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Most states aren't waiting until Election Day to start voting

Voting booths are set up for early voting at the Black Hawk County Courthouse on September 27, 2012, in Waterloo, Iowa.

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Iowa is home to one of the most closely watched Senate races this year and voters don't have to wait until November to vote for their candidate - voters can vote early, in-person starting Thursday.

Thirty-six states plus the District of Columbia have some form of early voting, that is, allowing many people to vote before Election Day without needing an excuse to do so. Eight of these states feature races for the U.S. Senate that CBS News is calling competitive.

The portion of voters who cast their ballots early has been on the rise. Ten years ago, fewer than a quarter of ballots were cast early nationwide for president, but that figure climbed to 35 percent in 2012 (representing about 45 million votes) and 30 percent in the 2010 midterm elections. The Democratic Party has been successful in their organizational efforts to get out the vote early during the last two presidential elections, but both parties will look up to lock up as much of the vote as early as they can.

In 2012, more than 40 percent of the vote in Iowa was cast before Election Day. President Obama won the state by six points, and much of that victory was due to the early vote.

According to Iowa exit polls and polls conducted of early voters just before election day, Mr. Obama captured 60 percent of the early vote, while Republican Mitt Romney prevailed among Election Day voters by 52 percent to 46 percent.

According to the Iowa Secretary of State's office, the demand for absentee ballots is up this year, compared to a similar point in 2010. So far, registered Democrats are outpacing Republicans in requests by more than 30,000 ballots - about a 2 to 1 advantage. Democrat Bruce Braley is facing Republican Joni Ernst in the battle to replace retiring longtime Sen. Tom Harkin, D-Iowa.

But this year, much of the battle for control of the U.S. Senate will be fought in red state territory. Democratic Senate incumbents are facing reelection in states like Alaska, Arkansas, and Louisiana where Mr. Obama lost by double-digits two years ago.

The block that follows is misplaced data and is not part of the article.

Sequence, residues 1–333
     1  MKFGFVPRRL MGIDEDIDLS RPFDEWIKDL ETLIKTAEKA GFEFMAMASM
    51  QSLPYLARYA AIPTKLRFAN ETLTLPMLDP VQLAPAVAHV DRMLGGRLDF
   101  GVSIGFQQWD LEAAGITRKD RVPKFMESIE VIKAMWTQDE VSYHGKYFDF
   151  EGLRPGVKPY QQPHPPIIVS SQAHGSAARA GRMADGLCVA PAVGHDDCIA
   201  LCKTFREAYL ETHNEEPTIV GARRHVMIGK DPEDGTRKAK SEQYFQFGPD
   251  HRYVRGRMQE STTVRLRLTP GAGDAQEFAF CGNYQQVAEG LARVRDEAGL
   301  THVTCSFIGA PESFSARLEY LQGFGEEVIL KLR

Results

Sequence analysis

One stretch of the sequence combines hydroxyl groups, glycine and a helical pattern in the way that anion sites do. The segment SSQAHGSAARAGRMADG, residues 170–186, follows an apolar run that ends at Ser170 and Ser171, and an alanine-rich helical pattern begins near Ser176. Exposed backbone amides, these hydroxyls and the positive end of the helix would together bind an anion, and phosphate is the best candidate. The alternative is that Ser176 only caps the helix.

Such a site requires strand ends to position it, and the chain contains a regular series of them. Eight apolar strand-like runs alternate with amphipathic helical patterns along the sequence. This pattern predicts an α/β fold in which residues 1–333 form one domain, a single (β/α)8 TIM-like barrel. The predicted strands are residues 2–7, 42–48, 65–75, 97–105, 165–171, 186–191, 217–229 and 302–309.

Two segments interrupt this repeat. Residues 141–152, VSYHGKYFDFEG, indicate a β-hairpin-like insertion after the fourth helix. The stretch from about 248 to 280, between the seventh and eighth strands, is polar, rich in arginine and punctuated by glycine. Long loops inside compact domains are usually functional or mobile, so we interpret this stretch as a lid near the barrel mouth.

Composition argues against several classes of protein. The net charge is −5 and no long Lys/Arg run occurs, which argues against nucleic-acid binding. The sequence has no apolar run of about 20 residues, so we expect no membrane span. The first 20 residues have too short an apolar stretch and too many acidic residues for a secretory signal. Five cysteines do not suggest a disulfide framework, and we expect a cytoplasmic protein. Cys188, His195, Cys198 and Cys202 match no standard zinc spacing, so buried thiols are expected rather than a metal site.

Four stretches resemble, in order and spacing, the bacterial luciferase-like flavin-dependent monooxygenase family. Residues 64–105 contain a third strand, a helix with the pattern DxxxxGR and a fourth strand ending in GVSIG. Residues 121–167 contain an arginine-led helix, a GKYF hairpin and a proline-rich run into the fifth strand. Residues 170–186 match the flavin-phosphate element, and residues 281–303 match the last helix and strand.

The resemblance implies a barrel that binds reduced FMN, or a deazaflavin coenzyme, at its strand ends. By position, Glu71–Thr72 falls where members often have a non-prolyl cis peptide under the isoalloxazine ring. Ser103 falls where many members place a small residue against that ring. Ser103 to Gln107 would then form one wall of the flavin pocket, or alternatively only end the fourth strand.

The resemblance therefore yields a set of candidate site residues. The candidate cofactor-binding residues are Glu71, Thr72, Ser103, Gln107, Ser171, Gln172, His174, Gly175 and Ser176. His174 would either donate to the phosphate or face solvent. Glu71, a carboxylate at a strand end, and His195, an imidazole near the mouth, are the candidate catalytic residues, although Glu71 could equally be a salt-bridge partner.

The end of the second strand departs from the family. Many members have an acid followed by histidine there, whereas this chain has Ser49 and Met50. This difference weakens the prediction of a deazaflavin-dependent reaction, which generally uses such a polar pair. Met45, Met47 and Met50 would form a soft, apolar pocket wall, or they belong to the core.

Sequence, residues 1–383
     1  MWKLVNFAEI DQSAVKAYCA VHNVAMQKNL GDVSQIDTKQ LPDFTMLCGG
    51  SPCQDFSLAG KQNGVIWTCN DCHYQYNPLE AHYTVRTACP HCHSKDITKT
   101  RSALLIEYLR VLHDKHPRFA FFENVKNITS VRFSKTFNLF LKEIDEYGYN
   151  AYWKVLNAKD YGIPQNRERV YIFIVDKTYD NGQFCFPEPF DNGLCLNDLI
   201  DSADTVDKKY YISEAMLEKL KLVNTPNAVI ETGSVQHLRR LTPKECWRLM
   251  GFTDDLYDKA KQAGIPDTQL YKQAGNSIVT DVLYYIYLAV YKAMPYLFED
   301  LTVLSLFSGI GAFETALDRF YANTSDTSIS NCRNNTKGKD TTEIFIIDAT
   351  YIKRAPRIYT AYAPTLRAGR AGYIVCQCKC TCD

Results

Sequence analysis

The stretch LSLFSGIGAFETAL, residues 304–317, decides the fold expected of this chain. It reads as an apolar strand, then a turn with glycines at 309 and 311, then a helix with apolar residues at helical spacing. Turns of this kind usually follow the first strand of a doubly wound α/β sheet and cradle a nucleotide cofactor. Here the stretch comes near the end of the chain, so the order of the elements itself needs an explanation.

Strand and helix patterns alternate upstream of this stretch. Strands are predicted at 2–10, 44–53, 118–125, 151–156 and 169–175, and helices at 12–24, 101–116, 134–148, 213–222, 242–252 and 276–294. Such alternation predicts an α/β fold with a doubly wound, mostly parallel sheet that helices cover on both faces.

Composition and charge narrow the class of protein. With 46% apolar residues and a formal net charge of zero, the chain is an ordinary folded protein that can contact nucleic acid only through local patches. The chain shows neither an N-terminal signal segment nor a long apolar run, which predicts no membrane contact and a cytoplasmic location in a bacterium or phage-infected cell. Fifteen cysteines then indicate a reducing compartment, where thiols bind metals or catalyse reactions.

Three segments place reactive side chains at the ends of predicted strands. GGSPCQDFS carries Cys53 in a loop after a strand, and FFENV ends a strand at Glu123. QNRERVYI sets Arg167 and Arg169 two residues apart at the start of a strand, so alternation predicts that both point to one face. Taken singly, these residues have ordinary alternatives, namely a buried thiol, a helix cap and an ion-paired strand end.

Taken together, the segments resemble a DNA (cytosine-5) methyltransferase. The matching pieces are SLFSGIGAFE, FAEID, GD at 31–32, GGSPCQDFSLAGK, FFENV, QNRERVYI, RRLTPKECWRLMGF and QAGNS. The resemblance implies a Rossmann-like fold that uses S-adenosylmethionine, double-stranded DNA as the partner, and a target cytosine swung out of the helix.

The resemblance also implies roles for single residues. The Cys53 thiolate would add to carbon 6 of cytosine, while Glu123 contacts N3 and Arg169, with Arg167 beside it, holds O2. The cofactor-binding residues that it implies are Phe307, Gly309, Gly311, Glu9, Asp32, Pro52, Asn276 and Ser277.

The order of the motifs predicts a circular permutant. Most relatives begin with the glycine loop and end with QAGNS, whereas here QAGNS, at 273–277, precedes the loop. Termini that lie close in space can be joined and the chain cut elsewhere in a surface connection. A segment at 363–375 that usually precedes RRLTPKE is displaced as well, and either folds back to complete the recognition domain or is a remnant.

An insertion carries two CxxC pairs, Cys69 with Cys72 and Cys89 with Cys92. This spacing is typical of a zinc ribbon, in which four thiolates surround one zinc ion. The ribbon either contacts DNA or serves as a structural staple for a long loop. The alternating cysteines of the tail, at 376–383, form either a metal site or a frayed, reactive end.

In addition, some states have cut back on early voting hours, including North Carolina, where the Senate race is expected to be close. Other states, like Maryland, have expanded their early voting hours.

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There are a number of ways someone can vote early. Some states set up official polling stations where voters can cast a ballot in person during a specified period.

Others offer absentee voting to all voters, even if they don't have an "excuse". In some cases you can pick up a ballot, fill it out, and drop it off all in one place.

There are also vote-by-mail options. Oregon and Washington have conducted elections by mail for years. While most voters in Colorado have already been voting by mail, the state is moving toward all vote-by-mail. Each registered voter in the state will be sent a ballot ahead of the election.

Among the eight Senate battleground states, Iowa is the first to kick off early voting on Thursday. Next up, Georgia begins early voting on Oct. 13; Kansas on Oct. 15; Alaska, Arkansas and Colorado on Oct. 20 (although mail ballots may be sent out earlier); Louisiana on Oct. 21; and North Carolina on Oct. 23.

While some states make absentee ballots available way in advance of the election, and technically someone can vote at that time, these dates indicate when the bulk of the early votes will begin to be cast.

Dates are subject to change, pending any administrative issues in the states.

Sources: CBS News, National Conference of State Legislatures, Secretary of State offices, The Associated Press